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Grado SR80i Headphones

Grado Labs SR80

4 4 out of 5, based on 1 Review

Decent all round phones for not a lot of money.

14th March 2012

Grado Labs SR80 by FireMoon

  • Sound Quality 4 out of 5
  • Ease of use 4 out of 5
  • Features 4 out of 5
  • Bang for buck 4 out of 5
  • Overall: 4
Grado  SR80i Headphones

If, after 8 years, you are still using a piece of kit, from choice and because you enjoy it, even though it makes you look like a T34 tank's radio op wearing them, then it probably is doing something consistently right.

The SR80is could hardly be described as chic looking and they aren't the best for tracking if you are trying to avoid spill as they are open backed. What they do do well, is tell you about your mixes in an overall sense that is quite startling for the money they cost.

They aren't light and airy in their tone and those looking for phones that give every last ounce of detail are probably searching in the wrong place with the Grados. However, they do everything, all round, with a certain aplomb and much as I hate to use the term, they have a certain delicious analogue sound about them that ameliorates some of the perceived coldness of digital music.

Their sound can probably best be characterised as *big boned*, with an ability to give real impact to Bass guitars and Kick Drums. If you get it right in the lower frequencies with a mix, the Grados will let you know and similarly, make a hash of it they will likewise expose your limitations.

What the Grados don't do is flatter and yet, at the same time, they don't overtly seem to sneer at bad sources rather, do their best to present them in a relatively benign manner.

Personally, I find the Grados comfortable to wear for long periods and they don't tire the ears, either physically or sonically, in a way some esoteric and more *accurate* phones seem to.

Maybe their retro looks and lack of hype have ill served them however, that they are still going strong after so long and still selling in good numbers to people from al walks of the musical world surely suggests that they have something intrinsically right about them.

Some might find the treble a tad enclosed, then again, we are talking 100 dollar, 100 quid phones here and their bass end is more *accurate* and more revealing than many monitors costing several times their price.

As with all gear, they take some time to understand their sonic foibles however, once learned and properly burned in, they need about 30 hours on them to loosen up, I have found them in that enviable position of any piece of gear hopes to find itself.... the old.... "Now, if I had my Grados here, I'd know for sure whether that bottom end is sitting right"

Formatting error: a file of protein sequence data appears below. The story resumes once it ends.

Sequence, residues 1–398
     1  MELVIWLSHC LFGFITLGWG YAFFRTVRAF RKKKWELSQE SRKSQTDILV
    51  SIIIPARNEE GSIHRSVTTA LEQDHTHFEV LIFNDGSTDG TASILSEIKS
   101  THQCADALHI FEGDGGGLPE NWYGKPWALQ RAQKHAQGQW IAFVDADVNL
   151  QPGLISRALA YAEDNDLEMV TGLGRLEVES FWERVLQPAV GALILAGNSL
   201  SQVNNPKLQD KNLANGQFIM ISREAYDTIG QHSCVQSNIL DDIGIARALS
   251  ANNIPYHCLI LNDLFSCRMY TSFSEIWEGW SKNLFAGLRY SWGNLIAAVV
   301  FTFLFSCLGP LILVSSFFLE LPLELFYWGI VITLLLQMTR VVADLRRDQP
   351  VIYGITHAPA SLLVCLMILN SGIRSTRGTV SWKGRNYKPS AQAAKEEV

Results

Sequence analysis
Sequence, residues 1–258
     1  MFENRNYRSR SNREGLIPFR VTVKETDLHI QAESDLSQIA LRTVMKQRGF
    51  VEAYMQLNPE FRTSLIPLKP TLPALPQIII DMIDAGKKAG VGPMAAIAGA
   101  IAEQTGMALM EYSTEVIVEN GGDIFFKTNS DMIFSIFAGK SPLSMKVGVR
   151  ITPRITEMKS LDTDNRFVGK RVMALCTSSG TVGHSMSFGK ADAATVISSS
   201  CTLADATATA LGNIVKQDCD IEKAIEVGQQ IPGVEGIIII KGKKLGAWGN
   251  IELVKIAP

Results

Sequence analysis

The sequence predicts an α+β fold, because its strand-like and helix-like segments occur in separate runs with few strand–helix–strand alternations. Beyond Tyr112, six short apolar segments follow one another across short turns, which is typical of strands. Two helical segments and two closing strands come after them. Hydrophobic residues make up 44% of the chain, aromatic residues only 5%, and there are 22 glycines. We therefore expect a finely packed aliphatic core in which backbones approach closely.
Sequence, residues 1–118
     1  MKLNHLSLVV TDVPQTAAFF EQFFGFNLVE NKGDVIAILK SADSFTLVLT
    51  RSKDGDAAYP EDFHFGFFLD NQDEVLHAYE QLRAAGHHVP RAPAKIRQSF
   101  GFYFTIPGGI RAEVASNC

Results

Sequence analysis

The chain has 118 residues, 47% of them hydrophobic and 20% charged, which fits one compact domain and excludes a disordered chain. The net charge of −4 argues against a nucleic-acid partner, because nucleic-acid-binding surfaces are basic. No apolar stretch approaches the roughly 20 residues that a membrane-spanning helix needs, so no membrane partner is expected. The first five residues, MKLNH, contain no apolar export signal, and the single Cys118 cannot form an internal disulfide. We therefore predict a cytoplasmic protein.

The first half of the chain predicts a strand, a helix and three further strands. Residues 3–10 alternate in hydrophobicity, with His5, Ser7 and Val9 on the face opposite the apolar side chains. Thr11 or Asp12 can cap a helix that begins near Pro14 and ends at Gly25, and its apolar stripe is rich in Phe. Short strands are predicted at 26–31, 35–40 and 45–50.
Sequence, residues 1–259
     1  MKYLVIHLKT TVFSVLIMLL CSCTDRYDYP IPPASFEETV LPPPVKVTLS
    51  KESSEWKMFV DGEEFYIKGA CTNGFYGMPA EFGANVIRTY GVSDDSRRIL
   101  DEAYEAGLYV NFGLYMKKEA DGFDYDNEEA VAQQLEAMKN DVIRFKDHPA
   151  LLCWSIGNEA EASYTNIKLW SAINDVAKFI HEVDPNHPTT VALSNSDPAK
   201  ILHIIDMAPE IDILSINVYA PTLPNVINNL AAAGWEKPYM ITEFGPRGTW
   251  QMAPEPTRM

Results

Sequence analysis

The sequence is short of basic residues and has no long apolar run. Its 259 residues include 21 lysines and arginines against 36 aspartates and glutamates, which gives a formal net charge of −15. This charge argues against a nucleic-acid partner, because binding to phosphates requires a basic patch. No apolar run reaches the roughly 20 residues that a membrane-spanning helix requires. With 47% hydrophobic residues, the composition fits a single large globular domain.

Where they do score highly is that both experienced Pros and newcomers can use them and, once their sound is understood, make decisions about mids and Bass that do translate well to the outside world. What's more, they have no particular predilection for genres of music. The Grados are happy with everything from over-processed R n B to Classical. Where they do shine, is on guitar driven rock where they manage that rare trick of giving one, with the right material, not only a visceral listening experience rather, one that also has a real grip on the whole architecture of a mix.

The Grados are also rather kind to less than esoteric phone amps, though that's not to say, they don't raise their skirts and happily dance when fed with something more cultured in amplification terms.

This all said, do not think them some kind of universal panacea for bad sound. Last night I listened to them ruthlessly expose some truly awful compression artefacts on a Youtube video of Pink Floyd's "Comfortably Numb and Us and them" . They quire clearly showed how the "weight" from the guitar on "Us and them" had been robbed in the encoding process and on "Comfortably Numb, again they showed how the stereo imaging had been totally destroyed by the same process.

I can understand how some might view the Grados sound as a tad *sat upon* in the treble however, for the price, a truly sparkling performance on that front would be, frankly, amazing.

That's where the Grado SR80i's strengths lie, over time, you discover they do so many things, really rather well with little fuss, that you find they worm their way into your affections and become a *trusted reference* for low mids and Bass. That they can do so, even on a typical home computer's inbuilt soundcard, makes them worth the, relatively, small sum they cost.

It's a question that has v been asked a million times and likely will be another million times. What's the best phones for a budget of...?

The Grados do most things in a quietly efficient and unspectacular manner They aren't the "sweetest" or most "revealing" in their upper registers and yet, their all round performance sees the SR80is deserve to be mentioned in despatches and recommended, with very few caveats, as a damnably useful tool for hobbyists and pros alike.

As I hinted at , at the start of this review, I have had mine some years now and I still enjoy using them and have no feelings of trepidation about listening to material on them. I have personally found that, an unspectacular longevity in a piece of kit, is usually far more preferable to the instant "gee whiz" that palls in the long term. The Grado SR80i's belong firmly in the former of those categories and therefore, deserve a hearty recommendation.

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